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What Do Chickens, Cars, and the Statue of Liber...
We know what you're thinking. How could a chicken, a car, and the Statue of Liberty be related to one another? In order to fully understand, you need to know a little about the often unseen yet critically important world of rust & corrosion preventative undercoatings.
What are these coatings? The most common and generic term would be "paint." Your typical paint is a protective layer, or coating, that keeps the surface underneath it free of problems. You can look at undercoatings as the paint beneath (or on top of) the paint. In the early days of the automobile, applying undercoatings to vehicles was necessary because most roads were not yet paved. Rocks, mud, and other debris would end up coming into contact with vehicle undercarriages and allowing the corrosion process to begin.
Believe it or not, the very first protective undercoatings were made with chicken fat. As time went on, it was discovered that the high-sulfur content of the fat was actually more corrosive to the applied surfaces than intended, so the method was discontinued.
By the 1950's, paved roads were more widespread, but salt and various anti-skid materials were introduced to combat freezing roadways during the winter. Developments in the undercoating market saw tar and tar-like compounds applied to vehicle under-bodies for corrosion protection. These were an improvement over the chicken fat coatings, but did not solve the rust issue. As the tar hardened and chipped away, water would get trapped between the coating and surface, thus accelerating the rusting process. The Statue of Liberty experienced the failure of these coatings first-hand (Restoration of the Statue of Liberty's Interior).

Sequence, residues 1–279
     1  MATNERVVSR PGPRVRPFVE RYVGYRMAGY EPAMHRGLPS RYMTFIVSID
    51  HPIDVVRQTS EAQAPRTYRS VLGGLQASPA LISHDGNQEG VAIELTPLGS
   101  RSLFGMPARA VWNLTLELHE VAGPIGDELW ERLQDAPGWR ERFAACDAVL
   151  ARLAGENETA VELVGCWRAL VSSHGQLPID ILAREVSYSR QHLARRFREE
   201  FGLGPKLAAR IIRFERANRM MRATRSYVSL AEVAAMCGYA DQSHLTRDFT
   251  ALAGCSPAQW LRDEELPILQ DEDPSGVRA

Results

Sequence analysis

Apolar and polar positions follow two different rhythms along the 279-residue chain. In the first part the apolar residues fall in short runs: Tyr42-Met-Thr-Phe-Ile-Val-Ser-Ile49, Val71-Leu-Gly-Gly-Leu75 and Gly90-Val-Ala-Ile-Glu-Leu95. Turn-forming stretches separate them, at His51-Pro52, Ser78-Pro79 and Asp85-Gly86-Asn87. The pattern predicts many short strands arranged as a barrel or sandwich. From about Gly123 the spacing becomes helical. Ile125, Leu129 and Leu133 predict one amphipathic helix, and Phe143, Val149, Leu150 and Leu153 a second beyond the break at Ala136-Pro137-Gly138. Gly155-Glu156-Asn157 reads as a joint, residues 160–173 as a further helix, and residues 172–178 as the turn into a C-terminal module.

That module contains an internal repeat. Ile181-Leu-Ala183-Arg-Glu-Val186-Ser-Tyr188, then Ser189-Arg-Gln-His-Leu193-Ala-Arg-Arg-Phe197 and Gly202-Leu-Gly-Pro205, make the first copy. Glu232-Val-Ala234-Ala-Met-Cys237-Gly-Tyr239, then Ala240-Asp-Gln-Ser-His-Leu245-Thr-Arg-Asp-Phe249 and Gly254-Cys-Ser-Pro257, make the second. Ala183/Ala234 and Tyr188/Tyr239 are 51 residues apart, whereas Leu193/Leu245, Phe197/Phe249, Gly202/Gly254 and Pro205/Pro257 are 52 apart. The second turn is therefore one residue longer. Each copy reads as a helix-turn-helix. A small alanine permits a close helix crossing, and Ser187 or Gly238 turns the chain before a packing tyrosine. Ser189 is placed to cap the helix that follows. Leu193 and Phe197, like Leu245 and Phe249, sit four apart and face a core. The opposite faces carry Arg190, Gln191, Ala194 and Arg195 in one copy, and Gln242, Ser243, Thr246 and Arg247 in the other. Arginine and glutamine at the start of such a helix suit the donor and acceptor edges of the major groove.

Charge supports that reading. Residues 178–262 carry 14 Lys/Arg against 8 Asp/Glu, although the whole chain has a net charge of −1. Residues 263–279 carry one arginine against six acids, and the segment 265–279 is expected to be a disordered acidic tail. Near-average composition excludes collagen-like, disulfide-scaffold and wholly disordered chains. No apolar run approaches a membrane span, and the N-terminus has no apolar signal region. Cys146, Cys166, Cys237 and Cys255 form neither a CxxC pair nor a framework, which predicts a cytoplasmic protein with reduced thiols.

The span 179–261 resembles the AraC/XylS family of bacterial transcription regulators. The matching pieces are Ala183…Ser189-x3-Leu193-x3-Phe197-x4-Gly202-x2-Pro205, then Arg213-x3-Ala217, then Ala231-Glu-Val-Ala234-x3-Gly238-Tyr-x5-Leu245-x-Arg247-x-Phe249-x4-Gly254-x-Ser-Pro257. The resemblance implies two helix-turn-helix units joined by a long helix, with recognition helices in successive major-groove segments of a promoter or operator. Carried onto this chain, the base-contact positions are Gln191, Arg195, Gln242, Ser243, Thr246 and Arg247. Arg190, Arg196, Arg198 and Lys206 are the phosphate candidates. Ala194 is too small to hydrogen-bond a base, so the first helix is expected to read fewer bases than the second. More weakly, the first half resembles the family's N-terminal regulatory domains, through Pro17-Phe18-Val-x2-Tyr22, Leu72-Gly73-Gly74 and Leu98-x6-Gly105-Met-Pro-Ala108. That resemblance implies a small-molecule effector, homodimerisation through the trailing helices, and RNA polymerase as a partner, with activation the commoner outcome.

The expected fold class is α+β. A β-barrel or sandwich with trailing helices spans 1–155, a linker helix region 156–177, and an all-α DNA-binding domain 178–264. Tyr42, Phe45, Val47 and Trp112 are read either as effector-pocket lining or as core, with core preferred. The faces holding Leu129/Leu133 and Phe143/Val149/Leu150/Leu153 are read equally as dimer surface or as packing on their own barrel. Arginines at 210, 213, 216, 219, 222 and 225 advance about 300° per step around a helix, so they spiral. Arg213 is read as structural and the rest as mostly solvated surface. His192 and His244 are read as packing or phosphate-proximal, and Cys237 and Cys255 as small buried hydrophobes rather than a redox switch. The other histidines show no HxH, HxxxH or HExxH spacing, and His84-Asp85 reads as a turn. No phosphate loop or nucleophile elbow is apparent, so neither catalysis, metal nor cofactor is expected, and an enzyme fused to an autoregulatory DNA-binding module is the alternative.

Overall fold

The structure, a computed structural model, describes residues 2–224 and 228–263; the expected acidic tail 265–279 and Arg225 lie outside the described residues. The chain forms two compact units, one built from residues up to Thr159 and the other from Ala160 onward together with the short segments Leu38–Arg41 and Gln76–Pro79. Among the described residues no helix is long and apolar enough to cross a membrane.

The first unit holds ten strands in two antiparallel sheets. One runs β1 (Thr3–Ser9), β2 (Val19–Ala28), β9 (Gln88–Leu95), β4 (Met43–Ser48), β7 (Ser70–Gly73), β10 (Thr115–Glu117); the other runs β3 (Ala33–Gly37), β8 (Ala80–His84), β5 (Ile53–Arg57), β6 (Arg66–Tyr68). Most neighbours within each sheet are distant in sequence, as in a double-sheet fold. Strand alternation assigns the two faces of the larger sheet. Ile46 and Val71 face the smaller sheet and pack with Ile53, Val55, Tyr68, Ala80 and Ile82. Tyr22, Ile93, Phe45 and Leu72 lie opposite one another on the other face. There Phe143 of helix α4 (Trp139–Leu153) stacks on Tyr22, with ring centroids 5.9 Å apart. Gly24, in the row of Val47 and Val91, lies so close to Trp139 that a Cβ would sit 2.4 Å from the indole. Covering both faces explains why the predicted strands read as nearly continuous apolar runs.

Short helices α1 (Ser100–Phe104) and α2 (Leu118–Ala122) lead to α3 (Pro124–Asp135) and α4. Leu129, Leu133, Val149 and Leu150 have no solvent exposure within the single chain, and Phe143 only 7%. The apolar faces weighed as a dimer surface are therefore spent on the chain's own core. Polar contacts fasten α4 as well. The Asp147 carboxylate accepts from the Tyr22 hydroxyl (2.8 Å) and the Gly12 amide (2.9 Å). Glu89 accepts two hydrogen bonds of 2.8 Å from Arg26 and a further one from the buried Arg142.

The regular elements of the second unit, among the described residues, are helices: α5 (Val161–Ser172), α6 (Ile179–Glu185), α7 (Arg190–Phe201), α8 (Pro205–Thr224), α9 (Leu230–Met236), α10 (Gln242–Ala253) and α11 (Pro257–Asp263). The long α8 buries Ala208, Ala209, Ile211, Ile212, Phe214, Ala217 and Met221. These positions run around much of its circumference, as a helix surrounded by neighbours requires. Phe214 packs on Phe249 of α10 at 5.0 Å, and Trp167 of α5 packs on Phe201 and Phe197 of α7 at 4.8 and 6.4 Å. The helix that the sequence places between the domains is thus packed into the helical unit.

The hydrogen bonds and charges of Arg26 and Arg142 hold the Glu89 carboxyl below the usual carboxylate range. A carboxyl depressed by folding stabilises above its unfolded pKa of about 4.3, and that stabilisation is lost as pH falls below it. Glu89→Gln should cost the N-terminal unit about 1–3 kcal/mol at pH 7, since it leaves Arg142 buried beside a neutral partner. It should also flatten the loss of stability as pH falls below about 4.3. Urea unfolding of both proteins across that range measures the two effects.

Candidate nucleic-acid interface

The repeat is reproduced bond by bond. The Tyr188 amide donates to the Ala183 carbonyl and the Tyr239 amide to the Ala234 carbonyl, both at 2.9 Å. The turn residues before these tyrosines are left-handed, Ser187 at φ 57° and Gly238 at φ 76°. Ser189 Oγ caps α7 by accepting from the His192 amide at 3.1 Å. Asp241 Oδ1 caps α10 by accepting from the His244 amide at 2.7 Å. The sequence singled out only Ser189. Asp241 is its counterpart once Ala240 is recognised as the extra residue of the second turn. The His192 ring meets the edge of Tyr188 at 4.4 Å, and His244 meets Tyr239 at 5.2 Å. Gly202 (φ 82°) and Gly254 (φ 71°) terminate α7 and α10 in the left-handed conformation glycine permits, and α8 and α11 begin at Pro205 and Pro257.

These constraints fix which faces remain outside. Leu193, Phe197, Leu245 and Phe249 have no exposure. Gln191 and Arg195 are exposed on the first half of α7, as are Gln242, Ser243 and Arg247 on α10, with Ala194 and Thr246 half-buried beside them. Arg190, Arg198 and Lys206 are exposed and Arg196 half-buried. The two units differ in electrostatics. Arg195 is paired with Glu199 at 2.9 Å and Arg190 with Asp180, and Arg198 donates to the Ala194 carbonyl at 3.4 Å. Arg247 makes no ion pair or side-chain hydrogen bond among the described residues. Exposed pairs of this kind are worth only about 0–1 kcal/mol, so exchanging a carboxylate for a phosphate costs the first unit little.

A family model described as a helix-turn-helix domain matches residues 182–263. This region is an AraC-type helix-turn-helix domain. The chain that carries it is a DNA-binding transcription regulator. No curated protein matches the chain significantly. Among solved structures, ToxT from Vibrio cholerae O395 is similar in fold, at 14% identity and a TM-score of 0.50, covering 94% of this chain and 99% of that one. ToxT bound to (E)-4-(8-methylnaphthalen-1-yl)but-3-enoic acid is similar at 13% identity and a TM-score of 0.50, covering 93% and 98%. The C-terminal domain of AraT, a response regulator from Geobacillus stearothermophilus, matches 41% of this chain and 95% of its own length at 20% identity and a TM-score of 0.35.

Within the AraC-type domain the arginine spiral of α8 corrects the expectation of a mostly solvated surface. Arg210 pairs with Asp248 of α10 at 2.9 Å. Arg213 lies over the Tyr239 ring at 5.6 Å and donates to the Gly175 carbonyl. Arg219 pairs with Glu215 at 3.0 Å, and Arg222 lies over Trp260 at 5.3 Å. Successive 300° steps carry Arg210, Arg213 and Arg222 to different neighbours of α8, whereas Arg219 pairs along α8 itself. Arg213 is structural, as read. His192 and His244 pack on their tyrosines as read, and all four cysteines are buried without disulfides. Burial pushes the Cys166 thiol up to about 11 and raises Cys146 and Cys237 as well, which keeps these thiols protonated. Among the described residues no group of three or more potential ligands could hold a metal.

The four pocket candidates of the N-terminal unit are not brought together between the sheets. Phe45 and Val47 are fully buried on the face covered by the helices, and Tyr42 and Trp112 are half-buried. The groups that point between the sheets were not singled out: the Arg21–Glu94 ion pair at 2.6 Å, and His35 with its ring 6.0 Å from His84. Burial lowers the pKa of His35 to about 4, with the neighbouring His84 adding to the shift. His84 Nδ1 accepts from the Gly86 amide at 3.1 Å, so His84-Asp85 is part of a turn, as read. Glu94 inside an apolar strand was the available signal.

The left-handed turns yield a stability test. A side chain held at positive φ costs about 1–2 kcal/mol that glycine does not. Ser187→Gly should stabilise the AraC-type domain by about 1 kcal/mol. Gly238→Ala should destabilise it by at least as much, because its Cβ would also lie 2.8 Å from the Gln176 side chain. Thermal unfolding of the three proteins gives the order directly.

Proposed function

Soon after, large oil companies began formulating petroleum-based undercoatings from the byproducts of crude oil distillation. The resulting products worked significantly better than tar-based coatings because they prolonged the life of vehicle under-bodies and resisted the abrasions from road debris. Petroleum-based undercoating technology later became the standard for inter-modal container chassis and international shipping containers. There were also water-based coatings for environmentally-friendly applications and solvent-based coatings for "apply-and-dry" applications.
In the 1970's, Petroleum Service Company began selling Tectyl rust & corrosion preventative coatings, originally manufactured by Valvoline Oil Company. Although Tectyl was born with rust & corrosion prevention in mind, the real value came from Tectyl's ability to prove useful in other applications outside of the automotive industry.
Today, Tectyl is a leader in quality undercoatings for the transportation, marine, and industrial markets, with most meeting the demands of military specifications (MIL-SPEC). For everything from your hunting rifle to your car, and a freight carrier to military equipment, Tectyl and PSC have you covered. Petroleum Service Company, a licensed distributor of Tectyl, is proud to sell their branded products for over 40 years and has a knowledgeable customer support staff ready to help you find the right product for your application.
Need help deciding which undercoating is for you? Check out our guide here (Choosing the Right Protective Coating with METFAR).